Anatomy & Physiology
The anatomy of the middle ear cleft is extremely important in combined approach tympanoplasty. It relies on an accurate knowledge of the relationship between the facial nerve in its vertical portion and the chorda tympani. Indeed it is the bony triangle between them that is drilled in order to open up the channel between the mesotympanum and mastoid regions. It is referred to as the posterior tympanotomy. In all other respects the anatomy of the middle ear cleft is as for any other operation.
Indications for a combined approach tympanoplasty are as follows:
- Serous otitis media- rarely
- Stage III/IV retraction pockets (Sade classification)
- Chronic suppurative otitis media (granulations/cholesteatoma)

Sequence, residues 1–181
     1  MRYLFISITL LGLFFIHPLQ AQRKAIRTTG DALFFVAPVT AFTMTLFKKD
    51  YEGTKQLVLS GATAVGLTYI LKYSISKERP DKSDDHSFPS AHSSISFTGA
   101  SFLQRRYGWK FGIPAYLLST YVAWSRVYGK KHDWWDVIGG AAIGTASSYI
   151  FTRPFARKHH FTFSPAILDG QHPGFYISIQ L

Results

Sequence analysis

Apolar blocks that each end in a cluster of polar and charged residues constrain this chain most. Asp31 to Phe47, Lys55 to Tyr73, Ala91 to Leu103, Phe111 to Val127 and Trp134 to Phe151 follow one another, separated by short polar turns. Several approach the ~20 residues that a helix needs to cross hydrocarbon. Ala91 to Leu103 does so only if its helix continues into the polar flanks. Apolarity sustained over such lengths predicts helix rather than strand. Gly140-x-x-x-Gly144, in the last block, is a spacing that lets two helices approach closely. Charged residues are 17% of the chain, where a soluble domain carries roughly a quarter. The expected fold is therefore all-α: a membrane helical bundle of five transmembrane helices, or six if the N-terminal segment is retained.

- Placement of middle ear hearing aid
- Placement of cochlear implant
Tympanoplasty is an operation to repair a hole in the ear drum. Mastoidectomy is an operation to remove disease or infected bone behind the ear. It is sometimes combined with repair of an ear drum. Both of these surgeries are done under general anesthetic and are done on an outpatient basis. Following surgery there should be minimal pain and the ear canal will be packed with gel foam in order to support the graft which dissolves with in 2 weeks. You may or may not have a scar. If you do it will be behind the ear and will not visible.
Time off work
Seven to Ten days.
Risks and Complications
Risks include total hearing loss, dizziness, noises, facial paralysis, loss of taste of the tongue, secondary infection and recurrence of disease. There is also the need for a second look procedure with or without conversion to a cavity if necessary.